No such luck, as Brightburn is a meaningless mishmash of disparate genre elements. The truth of what lurks beneath the floorboards turns out to be of no particular consequence—not exactly a red herring, just a bit of hogwash that confirms Brandon to be a gene splice of Damien and Superman. Maybe a sense of majesty, of mythic grandeur, might have made him feel as if he was less arbitrarily willed into being, though Yarovesky certainly conveys the weight of the kid’s killing spree. Not its existential weight, only its repugnant force. At one point, one of his victims struggles to hold up the lower part of his grotesquely shattered jaw, as Brandon pulls off the mask that he wears because, presumably, he understands that that’s what someone with superhuman powers should do. Brightburn never shows us how Brandon came to such a realization, but it does let us glimpse the stone-cold delight he takes in erasing human life—a spectacle of violence that exists for its own soulless sake.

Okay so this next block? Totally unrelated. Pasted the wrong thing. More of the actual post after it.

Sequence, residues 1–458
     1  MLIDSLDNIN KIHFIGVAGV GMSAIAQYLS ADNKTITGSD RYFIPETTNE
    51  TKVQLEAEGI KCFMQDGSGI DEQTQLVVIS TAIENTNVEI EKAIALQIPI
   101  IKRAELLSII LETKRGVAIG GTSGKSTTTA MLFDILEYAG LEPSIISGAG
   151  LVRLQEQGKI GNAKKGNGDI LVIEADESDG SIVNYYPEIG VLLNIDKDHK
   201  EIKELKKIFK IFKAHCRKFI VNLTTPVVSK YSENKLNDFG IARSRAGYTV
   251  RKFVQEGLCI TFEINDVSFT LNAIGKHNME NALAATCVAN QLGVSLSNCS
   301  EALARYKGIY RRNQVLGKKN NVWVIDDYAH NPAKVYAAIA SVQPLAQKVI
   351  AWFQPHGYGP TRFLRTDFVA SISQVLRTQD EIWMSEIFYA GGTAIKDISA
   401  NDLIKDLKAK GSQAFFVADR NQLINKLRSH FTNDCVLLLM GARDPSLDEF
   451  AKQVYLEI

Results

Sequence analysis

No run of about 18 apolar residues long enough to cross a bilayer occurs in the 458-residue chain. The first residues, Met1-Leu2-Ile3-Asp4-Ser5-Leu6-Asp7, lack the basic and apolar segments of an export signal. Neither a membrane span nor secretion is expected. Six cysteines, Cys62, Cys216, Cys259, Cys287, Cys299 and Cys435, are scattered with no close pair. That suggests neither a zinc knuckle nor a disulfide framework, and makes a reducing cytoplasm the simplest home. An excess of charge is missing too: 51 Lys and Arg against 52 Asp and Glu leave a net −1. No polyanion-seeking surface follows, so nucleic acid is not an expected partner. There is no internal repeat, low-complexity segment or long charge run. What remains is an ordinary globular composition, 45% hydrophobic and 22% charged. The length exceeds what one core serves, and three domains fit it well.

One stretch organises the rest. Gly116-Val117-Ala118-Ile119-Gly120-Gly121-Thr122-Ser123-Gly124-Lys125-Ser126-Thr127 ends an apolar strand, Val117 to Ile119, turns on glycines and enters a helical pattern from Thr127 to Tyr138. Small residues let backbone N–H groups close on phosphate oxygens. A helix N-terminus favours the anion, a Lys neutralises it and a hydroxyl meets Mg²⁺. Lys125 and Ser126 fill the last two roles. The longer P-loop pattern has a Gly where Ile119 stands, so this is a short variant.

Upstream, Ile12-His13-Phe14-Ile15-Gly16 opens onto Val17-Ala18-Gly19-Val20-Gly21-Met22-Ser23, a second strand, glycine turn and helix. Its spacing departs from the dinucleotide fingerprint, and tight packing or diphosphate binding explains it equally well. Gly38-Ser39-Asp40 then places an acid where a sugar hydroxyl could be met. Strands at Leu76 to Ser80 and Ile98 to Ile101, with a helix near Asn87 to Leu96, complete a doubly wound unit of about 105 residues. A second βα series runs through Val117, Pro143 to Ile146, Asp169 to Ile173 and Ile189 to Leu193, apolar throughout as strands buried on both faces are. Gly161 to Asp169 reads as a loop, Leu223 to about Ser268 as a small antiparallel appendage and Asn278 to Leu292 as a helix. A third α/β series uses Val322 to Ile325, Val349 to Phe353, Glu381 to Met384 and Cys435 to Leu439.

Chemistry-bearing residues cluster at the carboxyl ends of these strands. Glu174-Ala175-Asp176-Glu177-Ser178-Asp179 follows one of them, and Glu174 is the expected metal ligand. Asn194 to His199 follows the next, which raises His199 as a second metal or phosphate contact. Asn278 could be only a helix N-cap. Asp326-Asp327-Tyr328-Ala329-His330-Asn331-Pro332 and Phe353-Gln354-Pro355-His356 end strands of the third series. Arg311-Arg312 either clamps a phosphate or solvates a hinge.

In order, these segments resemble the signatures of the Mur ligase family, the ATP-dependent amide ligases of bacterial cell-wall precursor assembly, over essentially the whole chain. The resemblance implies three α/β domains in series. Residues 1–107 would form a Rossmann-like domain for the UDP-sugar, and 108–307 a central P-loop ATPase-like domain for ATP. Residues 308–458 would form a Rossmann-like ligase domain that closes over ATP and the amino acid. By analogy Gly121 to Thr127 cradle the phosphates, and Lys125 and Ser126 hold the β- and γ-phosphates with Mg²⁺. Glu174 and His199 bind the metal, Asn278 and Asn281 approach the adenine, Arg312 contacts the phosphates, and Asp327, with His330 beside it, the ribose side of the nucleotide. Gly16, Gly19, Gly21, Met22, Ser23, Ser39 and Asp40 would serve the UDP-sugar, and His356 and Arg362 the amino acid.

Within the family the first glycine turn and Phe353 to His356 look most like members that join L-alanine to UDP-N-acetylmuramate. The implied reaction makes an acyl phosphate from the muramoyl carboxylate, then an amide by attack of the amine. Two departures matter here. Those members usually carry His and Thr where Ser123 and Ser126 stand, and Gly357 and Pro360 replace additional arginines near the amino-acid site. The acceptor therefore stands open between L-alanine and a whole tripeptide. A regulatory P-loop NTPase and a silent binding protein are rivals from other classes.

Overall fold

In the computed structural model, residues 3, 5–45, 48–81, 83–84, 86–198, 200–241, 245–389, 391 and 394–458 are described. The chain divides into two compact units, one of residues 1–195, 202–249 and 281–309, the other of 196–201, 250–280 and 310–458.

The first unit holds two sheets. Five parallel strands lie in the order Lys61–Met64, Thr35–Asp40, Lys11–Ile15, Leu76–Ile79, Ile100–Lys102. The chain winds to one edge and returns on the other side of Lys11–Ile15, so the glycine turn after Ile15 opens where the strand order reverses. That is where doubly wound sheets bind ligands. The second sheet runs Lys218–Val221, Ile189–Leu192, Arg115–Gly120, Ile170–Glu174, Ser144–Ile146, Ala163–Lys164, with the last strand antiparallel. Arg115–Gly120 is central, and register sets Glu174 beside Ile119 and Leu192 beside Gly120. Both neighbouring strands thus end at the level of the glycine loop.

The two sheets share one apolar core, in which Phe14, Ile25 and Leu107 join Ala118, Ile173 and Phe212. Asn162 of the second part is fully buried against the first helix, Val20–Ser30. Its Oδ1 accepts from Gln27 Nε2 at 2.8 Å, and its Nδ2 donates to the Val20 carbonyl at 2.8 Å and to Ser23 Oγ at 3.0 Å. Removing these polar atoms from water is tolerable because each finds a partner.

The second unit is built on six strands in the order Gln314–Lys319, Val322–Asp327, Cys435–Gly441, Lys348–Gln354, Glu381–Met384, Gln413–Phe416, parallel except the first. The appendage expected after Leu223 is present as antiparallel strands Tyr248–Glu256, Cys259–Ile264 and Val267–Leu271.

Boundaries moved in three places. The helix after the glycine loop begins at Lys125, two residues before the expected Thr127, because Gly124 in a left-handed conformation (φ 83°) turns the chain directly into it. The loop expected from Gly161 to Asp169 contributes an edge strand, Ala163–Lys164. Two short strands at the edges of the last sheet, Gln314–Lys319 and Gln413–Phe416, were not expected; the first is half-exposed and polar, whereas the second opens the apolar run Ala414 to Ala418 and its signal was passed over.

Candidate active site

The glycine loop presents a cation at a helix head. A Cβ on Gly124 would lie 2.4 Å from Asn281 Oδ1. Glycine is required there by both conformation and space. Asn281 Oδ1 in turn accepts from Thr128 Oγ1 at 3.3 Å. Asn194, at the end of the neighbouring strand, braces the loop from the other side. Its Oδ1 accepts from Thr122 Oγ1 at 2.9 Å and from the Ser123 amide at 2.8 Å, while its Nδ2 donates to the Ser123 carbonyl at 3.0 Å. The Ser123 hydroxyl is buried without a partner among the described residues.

Cast: Elizabeth Banks, David Denman, Jackson A. Dunn, Jennifer Holland, Matt Jones, Meredith Hagner, Becky Wahlstrom, Gregory Alan Williams, Steve Agee, Emmie Hunter Director: David Yarovesky Screenwriter: Brian Gunn, Mark Gunn Distributor: Screen Gems Running Time: 90 min Rating: R Year: 2019
The Nightingale Trailer: Aisling Franciosi and Sam Claflin Star in Jennifer Kent’s Follow-Up to The Babadook
Today, IFC has released the first trailer for the film, which is set during the colonization of Australia in 1825.
Jennifer Kent’s The Nightingale, the Aussie filmmaker’s much-anticipated follow-up to The Babadook, premiered way back in September at the Venice Film Festival, and to mostly positive notices. Today, ahead of its U.S. theatrical release in August, IFC has released the first trailer for the film, which is set during the colonization of Australia in 1825 and follows a young Irish convict settler, Clare (played by Aisling Franciosi), who, after finishing her seven-year sentence, struggles to be free of her abusive master, Lieutenant Hawkins (Sam Claflin). According to the studio’s official description of the film: